Russian lawmakers on Tuesday backed a bill that would ban soldiers from using smartphones while on duty to post online or give information to media.
The move comes after journalists have used photos and videos posted on social media by troops to gain information on Russia's military involvement in Syria and in Ukraine -- where Kiev and its Western allies say Moscow gives military backing to pro-Russian separatists.
The Meduza independent news site wrote that with the bill "we will know less about hazing and the military in Ukraine." The defence committee of the State Duma lower house of parliament, which wrote the legislation, said it aimed to ensure "national security" in the "sphere of information" and to cover information that is not classed as a military secret.
The bill bans troops from carrying "electronic devices" that can post video and photos online or reveal their geo-locations.
It bans troops, conscripts and reservists from informing media or putting information online that reveals they or others are in the military, describes their duties or gives their location.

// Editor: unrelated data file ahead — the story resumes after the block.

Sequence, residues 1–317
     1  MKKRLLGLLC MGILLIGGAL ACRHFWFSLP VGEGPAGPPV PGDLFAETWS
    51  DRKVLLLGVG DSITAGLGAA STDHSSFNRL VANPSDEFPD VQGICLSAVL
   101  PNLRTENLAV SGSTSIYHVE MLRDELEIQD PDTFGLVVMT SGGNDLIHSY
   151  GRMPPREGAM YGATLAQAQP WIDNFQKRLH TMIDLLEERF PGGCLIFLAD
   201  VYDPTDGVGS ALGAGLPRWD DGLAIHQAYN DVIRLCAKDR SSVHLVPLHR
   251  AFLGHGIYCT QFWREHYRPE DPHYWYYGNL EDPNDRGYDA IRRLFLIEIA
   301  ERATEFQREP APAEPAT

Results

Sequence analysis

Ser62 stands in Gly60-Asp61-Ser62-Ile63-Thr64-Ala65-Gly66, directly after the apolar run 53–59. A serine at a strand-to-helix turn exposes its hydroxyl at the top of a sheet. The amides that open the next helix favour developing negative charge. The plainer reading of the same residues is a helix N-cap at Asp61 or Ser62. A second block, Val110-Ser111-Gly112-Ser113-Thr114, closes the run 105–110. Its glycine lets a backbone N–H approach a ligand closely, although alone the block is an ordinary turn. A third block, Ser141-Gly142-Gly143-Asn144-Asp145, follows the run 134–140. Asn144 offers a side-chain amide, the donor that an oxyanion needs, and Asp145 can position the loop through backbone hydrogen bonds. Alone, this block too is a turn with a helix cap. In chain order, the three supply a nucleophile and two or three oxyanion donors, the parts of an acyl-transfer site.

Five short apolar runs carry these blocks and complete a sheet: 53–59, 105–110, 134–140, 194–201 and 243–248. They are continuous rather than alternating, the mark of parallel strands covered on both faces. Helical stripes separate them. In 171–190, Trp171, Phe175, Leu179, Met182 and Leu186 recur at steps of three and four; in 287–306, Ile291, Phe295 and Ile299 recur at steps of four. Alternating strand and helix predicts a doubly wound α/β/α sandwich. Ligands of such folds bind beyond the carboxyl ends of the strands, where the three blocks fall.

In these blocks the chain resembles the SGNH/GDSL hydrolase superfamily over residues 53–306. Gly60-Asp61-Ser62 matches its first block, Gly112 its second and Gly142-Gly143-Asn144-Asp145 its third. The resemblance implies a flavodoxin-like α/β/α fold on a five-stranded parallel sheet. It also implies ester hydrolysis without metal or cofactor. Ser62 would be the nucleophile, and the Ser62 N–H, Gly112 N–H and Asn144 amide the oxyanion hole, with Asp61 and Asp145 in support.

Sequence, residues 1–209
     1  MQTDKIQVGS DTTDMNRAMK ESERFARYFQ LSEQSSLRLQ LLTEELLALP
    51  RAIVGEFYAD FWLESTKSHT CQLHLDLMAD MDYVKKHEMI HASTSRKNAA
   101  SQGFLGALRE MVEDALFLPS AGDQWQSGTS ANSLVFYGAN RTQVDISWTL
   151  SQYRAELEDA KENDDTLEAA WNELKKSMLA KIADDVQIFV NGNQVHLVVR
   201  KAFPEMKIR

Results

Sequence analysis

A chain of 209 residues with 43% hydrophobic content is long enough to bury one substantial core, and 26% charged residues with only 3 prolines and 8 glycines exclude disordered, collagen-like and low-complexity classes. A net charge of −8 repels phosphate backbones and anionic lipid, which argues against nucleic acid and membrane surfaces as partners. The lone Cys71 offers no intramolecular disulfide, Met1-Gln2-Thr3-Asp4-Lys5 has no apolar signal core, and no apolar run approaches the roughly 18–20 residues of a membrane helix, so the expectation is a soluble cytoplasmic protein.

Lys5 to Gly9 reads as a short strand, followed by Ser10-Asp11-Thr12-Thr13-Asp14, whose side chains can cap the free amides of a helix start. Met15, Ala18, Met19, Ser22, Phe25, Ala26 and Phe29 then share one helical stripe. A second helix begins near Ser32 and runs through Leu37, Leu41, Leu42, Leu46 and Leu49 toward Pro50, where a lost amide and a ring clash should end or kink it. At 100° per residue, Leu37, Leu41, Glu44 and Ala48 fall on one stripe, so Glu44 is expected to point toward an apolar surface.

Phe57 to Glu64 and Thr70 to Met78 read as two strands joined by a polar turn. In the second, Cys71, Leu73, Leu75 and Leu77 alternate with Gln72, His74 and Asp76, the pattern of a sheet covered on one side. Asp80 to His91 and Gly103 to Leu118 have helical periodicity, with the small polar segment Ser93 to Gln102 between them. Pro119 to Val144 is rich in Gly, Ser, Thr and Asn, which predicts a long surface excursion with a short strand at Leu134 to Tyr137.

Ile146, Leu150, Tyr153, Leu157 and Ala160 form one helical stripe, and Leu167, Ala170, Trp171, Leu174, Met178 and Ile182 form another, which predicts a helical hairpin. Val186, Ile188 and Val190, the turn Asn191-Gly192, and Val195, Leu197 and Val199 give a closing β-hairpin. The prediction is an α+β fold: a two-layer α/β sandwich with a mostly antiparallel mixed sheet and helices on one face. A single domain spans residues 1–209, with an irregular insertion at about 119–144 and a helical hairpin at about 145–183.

It also bans giving out information about the actions of military commanders or the locations of military headquarters.
The bill warns that foreign secret services and "terrorist" organisations are interested in the activities of Russian troops, particularly those serving in Syria, where Russia has been carrying out a military intervention since 2015 to back President Bashar al-Assad.
It says that information posted online or given to media could be used to form a "prejudiced view of Russia's government policies." Soldiers who broke the law could be given early discharge.
Basic mobile phones without cameras will not be banned, and troops will still be able to use smartphones while off-duty, the first deputy chief of the defence committee, Andrei Krasov told TASS state news agency.
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